Place the pot in full sunlight. Cut the plant back to 10 to 12 inches (25 cm.) in late winter or early spring. Apply a time-release fertilizer in spring.
Water regularly. Although buddleia is relatively drought-tolerant, it will perform better with occasional irrigation, especially during hot weather.
Fill the pot with a lightweight commercial potting mix. Avoid garden soil, which becomes heavy and compacted in containers, often resulting in root rot and plant death.
Butterfly Bush Container Growing
Can I grow a butterfly bush in a container? The answer is yes, you can – with caveats. Growing a butterfly bush in a pot is very possible if you can provide this vigorous shrub with a very large pot. Keep in mind that butterfly bush (Buddleia davidii) grows to heights of 4 to 10 feet (1 to 2.5 m.), with a width of around 5 feet (1.5 m.). If this sounds like something you’d like to try, read on and learn how to grow buddleia in a pot.
If you’re serious about growing a butterfly bush in a pot, a whiskey barrel may be your best bet. The pot must be deep enough to contain the roots and heavy enough to keep the plant from toppling over. Whatever you decide to use, be sure the pot has at least a couple of good drainage holes. Consider a rolling platform. Once the pot is planted, it will be very difficult to move.
Choose the cultivar carefully. A huge plant that tops out at 8 or 10 feet (2.5 to 3.5 m.) may be too much, even for the largest container. Dwarf varieties such as Petite Snow, Petite Plum, Nanho Purple, or Nanho White are limited to heights and widths of 4 to 5 feet (1.5 m.). Blue Chip maxes out at 3 feet (1 m.) in most growing zones, but may grow to 6 feet (2 m.) in warm climates.
Caring for Container-Grown Buddleia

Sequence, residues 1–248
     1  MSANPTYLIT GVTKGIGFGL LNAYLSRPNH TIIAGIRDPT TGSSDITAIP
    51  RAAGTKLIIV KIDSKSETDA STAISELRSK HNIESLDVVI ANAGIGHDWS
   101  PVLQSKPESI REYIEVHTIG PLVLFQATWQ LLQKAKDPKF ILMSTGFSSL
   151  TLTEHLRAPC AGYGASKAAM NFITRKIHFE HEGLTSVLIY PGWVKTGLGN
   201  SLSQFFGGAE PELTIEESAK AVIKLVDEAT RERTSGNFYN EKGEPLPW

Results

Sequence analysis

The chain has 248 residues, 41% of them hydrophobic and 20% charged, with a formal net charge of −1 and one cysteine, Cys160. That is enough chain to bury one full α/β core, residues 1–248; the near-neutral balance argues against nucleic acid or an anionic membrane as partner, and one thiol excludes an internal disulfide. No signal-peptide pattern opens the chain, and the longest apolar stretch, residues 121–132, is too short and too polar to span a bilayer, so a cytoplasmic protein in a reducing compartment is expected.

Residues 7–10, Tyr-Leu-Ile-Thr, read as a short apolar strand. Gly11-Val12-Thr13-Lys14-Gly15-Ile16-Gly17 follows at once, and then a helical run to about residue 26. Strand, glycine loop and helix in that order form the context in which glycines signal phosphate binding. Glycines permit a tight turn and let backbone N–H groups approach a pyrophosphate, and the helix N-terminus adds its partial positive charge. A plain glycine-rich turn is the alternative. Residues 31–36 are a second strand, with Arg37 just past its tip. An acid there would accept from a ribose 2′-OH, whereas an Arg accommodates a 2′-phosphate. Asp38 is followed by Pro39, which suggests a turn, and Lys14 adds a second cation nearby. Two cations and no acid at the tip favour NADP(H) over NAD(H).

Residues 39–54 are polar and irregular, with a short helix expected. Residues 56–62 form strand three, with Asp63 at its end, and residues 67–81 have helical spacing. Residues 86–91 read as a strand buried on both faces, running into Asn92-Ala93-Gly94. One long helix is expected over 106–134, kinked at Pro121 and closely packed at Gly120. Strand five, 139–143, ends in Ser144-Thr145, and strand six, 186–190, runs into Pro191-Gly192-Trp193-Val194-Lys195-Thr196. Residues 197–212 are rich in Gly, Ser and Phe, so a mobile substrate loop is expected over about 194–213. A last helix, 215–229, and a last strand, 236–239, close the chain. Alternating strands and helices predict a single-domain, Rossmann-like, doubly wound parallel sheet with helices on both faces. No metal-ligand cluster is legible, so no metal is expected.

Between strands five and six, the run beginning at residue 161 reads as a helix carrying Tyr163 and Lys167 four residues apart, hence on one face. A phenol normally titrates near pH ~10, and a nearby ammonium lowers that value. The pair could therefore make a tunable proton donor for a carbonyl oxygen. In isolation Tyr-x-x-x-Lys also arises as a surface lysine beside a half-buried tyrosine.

Buddleia is typically hardy to USDA plant hardiness zones 5 and above, but a container-grown buddleia may need winter protection in zone 7 and below. Move the pot into a protected area. Cover the soil with 2 or 3 inches (5 to 7.5 cm.) of straw or other mulch. In very cold climates, wrap the pot with a layer of bubble wrap.
Care: Through the summer, you can deadhead the flowers to encourage further blooming. Collect seeds from annuals to use next year and collect seeds from perennials to share with friends or scatter outside.
Overwintering perennials in pots:
– In late fall, cut old stems down to 4″ height.
– Wait until plants are dormant (temperatures into the 30s) to overwinter them
– Group pots close together to provide greater warmth/protection.
– Water thoroughly before temperatures dip and the ground freezes. This provides some water through winter and some protection from the cold.
– Overwinter your plants either inside an unheated garage, a shed or outside in a sheltered spot on the ground (the ground will provide some warmth. A raised deck or pavement is too cold)
– Overwintering outside (on the ground or in a shed): Cover the pots/plants with leaves for insulation.
-Overwintering inside a garage: Provide water occasionally just to slightly moisten the soil. Look for a spot that stays 32-45°F.
– Late April, early May take your plants back out to their regular locations, water and watch them return.
Soil & Water: Use standard gardening soil with a small amount of compost. Soak soil well prior to planting, then plant plants and water well so that soil is saturated. Water plants as needed through the summer so they do not dry out.
A Monarch Waystation simply is a garden that has both milkweed and nectar plants and just as you can grow these plants in the ground, you can also do it in containers that you keep on your deck, balcony, front steps or elsewhere around your home. All you need is pots, soil, plants and water.
Which pot? Larger pots (at least 18” wide) made of plastic are preferred. Perennial plants (milkweeds and nectar plants) have longer root systems and need room to grow year after year, so choose a pot that is at least 18″ deep as well. Larger pots also provide more protection from cold, enabling perennials to overwinter more successfully.
Recommended plants for Container Garden Waystations:
– Milkweeds (native, perennial): Butterflyweed and Swamp milkweed
– Nectar plants (native, perennial): asters, goldenrods, rudbeckia/coneflowers, liatrus, coreopsis
– Nectar plants (non-native, annual): Lantana, verbena, zinnia, cosmos, Mexican sunflower
Choose pots that have good drainage. Include pieces of a broken clay pots or gravel in the bottom of your pot to promote drainage. Plastic pots are preferred over clay because they do not allow as much moisture to escape. Clay can also break in the winter.
More tips can be found online for overwintering plants. It requires some care but is quite satisfying to do.